Electoral Politics and the Court of Public Opinion
While much of the controversy surrounding the Alabama law, and others of its kind, have centered on whether it has the constitutional muster to mount a challenge to Roe, Rick Garnett, a professor at the University of Notre Dame’s School of Law and the director of its program on Church, State and Society, told The Tablet that calling into question the jurisprudence that undergirds Roe is fair game.
“There is nothing unconstitutional or otherwise wrong with legislators enacting laws that contravene wrongly decided Supreme Court precedents in order to force a re-examination of those precedents,” said Garnett, noting that both Roe and the follow-up case of Planned Parenthood v. Casey in 1992 both established precedents that are subject to serious scrutiny.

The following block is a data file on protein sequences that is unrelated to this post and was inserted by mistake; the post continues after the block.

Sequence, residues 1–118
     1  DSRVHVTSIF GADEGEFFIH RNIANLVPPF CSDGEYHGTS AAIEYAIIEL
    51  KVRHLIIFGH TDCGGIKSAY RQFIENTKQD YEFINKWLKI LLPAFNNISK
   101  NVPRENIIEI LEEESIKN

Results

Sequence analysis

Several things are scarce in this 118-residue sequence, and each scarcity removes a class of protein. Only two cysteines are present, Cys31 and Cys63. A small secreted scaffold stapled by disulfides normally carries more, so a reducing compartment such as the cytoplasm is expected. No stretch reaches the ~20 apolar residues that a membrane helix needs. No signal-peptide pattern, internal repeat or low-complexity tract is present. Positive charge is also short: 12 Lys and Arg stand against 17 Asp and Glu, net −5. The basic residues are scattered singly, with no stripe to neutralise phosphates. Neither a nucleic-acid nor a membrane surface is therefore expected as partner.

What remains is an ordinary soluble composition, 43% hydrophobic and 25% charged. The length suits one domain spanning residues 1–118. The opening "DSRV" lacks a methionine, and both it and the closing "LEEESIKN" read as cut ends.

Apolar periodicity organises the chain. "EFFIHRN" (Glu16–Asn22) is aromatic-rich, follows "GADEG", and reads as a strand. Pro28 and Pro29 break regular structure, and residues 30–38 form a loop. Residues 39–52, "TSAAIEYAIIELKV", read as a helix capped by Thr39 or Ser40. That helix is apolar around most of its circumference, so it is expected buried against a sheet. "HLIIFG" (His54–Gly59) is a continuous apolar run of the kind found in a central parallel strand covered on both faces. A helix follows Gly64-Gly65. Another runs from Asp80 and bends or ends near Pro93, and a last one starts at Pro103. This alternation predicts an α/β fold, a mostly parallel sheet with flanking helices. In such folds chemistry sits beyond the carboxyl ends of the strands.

While Casey ultimately reaffirmed Roe, it also opened the door for tighter restrictions to abortion, and according to Garnett, “It could be that the justices would prefer to review abortion regulations that can be upheld without squarely overturning the Casey precedent.”
“On the other hand,” he continued, “a majority might think that because Roeand Casey wrongly removed this question from electoral politics and the court of public opinion, it is past time to correct that mistake, and leave it to citizens and their representatives to decide what the appropriate abortion-regulation regime should be.”
Helen Alvaré, a professor of law at George Mason University’s Scalia Law School and a former spokeswoman for the U.S. bishops, concurred, saying pro-life activists should “remind voters that getting rid of Roe simply means allowing citizens to do what they wish at the state level.”